Studying the cosmos is not a new hobby for this highly experienced adult nurse. Growing up, Rachel was always interested in the sciences, and contemplated a career as an astronomer. However, she somehow knew that her scientific mind might lead her in another direction. Rachel was raised by her parents: Mom was a surgical RN, and her dad was the Deputy Chief Fire Marshal in their hometown of Brenham, Texas. At an early age, Rachel noticed that both parents were serving as first-responders, which was very meaningful to her. Rachel’s dad would be on the scene at fires, car accidents, and other tragedies. Then her mom often treated the same people as hospital patients.

Rachel’s interest in the medical aspects of science grew over time. As a Girl Scout, she pursued extra badges in first aid, which prompted her to join the Health Occupations Students of America (HOSA) while in middle school. Still, Rachel wasn’t ready to pursue a career in nursing. This pre-teen’s career ambitions were firmly planted on becoming an epidemiologist, studying infectious diseases for the CDC.

Over the next few years, Rachel realized her true calling in the stars, to become a nurse. Once she made the decision, she pursued nursing with the same passion and vigor she applies to every area of her life. She became an LVN in 2008 and worked at a skilled nursing facility, soon moving to the Alzheimer’s unit, where she also served as a charge nurse.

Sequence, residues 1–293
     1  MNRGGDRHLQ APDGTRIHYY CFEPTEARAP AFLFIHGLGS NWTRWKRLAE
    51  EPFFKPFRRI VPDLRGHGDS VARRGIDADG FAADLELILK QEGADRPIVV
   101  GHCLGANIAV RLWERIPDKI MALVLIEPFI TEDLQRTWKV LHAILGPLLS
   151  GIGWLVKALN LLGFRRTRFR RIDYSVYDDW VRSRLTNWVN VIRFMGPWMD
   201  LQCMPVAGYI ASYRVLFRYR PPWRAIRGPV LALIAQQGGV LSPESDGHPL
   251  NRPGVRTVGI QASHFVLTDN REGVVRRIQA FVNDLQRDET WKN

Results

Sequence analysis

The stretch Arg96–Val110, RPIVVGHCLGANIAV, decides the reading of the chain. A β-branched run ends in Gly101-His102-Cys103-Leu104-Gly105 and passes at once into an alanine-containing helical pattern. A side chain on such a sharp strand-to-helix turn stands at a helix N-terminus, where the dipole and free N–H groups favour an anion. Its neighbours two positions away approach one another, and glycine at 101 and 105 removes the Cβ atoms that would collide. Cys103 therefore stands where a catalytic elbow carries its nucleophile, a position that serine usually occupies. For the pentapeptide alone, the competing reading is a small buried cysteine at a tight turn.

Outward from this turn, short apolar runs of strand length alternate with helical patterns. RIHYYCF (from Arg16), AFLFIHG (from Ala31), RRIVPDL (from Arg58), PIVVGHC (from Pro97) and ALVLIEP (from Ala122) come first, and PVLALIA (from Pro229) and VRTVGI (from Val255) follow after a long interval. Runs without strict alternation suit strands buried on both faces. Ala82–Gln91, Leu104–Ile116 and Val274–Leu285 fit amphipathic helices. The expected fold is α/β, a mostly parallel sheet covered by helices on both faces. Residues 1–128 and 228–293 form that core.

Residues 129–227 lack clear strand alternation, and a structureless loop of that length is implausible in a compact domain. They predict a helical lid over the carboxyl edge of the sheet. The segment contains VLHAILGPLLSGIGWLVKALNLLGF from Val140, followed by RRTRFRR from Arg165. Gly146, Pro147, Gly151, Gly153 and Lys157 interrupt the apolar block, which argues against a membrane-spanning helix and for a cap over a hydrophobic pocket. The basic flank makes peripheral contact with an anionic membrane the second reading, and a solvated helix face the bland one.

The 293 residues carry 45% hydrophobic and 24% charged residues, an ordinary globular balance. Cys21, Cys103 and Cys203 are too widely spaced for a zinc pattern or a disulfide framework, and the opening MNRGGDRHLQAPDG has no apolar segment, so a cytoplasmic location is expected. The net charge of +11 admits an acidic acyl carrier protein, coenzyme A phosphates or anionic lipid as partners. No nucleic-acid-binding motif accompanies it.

Rachel also tried pediatric nursing for three years. She worked at a rural family health clinic, where she also gained experience in orthopedics. “I also worked in pediatric medical surgery for about 126 days, and that’s when I discovered that my future was in adult not in pedi.”

Around that time, Rachel was also helping to take care of her elderly grandparents and she discovered her love for geriatrics. Then she further defined her future as an adult RN. Rachel began working as a home health nurse, which was ideal for her. “I love working with adult patients, building relationships, and making a difference in their lives. It’s always a joy to go into the patient’s home, meet their family, and help them through their recovery.”

Not one to rest on her accomplishments, Rachel was ready to learn more. In 2018, she went back to school to earn her Bachelor’s degree, which she received in March 2020. Without pausing for a moment, Rachel enrolled in graduate school at Western Governor’s University (WGU), working toward a Master of Science in Nursing (MSN) in Leadership and Management. She’s more than halfway done, on track to graduate in December 2022.

But that still wasn’t enough for this born overachiever. All along, in addition to her full-time job and her schooling, Rachel has been working on our Night Nurse adult team. She found Night Nurse online in 2014 and immediately fell in love with the idea of triaging adult patients from her home. Following the job interview, she persistently followed up to earn Tami’s attention, respect, and her spot as a dedicated member of the Night Nurse family.